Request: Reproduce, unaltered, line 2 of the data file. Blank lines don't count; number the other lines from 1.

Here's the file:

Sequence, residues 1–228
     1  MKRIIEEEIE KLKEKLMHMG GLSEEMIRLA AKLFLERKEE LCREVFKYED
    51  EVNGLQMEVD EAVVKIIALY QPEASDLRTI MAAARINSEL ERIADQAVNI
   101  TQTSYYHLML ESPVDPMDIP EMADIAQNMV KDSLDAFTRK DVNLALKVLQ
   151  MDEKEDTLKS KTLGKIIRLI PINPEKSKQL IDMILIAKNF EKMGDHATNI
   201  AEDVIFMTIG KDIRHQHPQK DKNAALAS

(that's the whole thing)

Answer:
     1  MKRIIEEEIE KLKEKLMHMG GLSEEMIRLA AKLFLERKEE LCREVFKYED